Williams: No, it's an unlimited time trial version. The save capability is switched off after 100 component pins, so you can create a small design with it. It's a “lite” version that students can use, and somebody who evaluates it can make a proper evaluation based on a small design, or they can import a full design but not be able to save it once they've seen the import. Then if they need to go further, they can request an evaluation license from us, which we can time-lock, so it's a fully featured license.
Matties: The other feature I saw is the net list. Interestingly, I recently did an interview with a board shop, and they were talking about how providing a net list to your fabricator is like an insurance policy for quality. Yet, they say so many people don't do this. It seems to me it is just a click of a button, and a few moments later you have your reports. Why wouldn't someone utilize this feature?
Williams: I have no idea why they wouldn’t use it. We export the IPC-356 test point format amongst other standard net lists and reports, which a lot of fabricators will use. We also write the IPC-2581 format, which is the new standard, and we're a corporate member of the IPC Standard Foundation Council. These can both be exported at no charge. It's a button click, like you say. If they want it in a specific format, we also have the report maker feature, which can actually write any net list format you like, because it's customizable.
Williams: We’re very positive and excited about the future. We’re making rapid progress in terms of company growth and technological capabilities within the product itself. We're a serious competitor in the market now th
at we’ve established ourselves. The rapid growth means we are expanding as well, and this will help us meet the demands from our user base in terms of product, quality and customer service.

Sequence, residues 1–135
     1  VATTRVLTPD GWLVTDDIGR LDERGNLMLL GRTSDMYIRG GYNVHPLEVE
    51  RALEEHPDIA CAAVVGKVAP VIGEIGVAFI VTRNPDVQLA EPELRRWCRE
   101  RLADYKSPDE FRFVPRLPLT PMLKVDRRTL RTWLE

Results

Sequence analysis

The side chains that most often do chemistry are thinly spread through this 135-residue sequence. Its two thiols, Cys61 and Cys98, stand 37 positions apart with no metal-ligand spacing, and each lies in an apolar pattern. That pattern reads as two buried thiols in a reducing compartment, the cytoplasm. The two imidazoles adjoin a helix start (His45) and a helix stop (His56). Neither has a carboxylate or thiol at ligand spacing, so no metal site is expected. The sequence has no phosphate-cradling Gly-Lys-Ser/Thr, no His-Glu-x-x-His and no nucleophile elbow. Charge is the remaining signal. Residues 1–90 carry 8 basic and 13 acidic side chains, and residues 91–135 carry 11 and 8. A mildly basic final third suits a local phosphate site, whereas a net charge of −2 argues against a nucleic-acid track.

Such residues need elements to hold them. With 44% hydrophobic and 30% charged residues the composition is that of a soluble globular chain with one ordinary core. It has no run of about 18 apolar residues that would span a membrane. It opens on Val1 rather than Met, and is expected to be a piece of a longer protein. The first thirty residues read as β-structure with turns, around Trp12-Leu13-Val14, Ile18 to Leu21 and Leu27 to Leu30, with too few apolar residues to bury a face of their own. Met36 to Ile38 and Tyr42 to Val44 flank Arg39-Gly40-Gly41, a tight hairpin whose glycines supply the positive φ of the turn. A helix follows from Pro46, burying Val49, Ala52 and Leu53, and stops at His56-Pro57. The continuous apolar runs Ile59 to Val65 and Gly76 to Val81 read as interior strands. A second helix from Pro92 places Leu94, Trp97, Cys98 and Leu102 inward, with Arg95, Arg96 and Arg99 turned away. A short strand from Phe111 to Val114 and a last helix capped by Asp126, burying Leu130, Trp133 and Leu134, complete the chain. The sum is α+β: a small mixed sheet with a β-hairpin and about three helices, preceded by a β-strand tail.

Matties: Where do you see the product headed?
Williams: We see more and more installations where engineers share information at the same time but not necessarily at the same location or in the same country. We envisage becoming even more workgroup-friendly with tools to connect and integrate them together in one environment. We also see more standard usability features for everyday users; we’re continuously looking to reinvent the wheel. We’re talking about engineers who just want to get the design through the system as quick as they can without any errors. We take great pride in speaking to these people and actually implementing their requests.
Matties: Do you see more automation of the tool as well?
Williams: Yes, we see more automation; we've put a lot more intelligence in. For example, we have artificial intelligence in which the system understands what you want to do based on algorithms that we have written. We can do a lot more of that as well. Currently, we're working on new technology features which will excite our users.
Matties: So your strengths are ease of use. It's intuitive.
Williams: It's very intuitive with a very low learning curve, typically a couple of days, not weeks. Up and running within two days, maximum with minimal external help.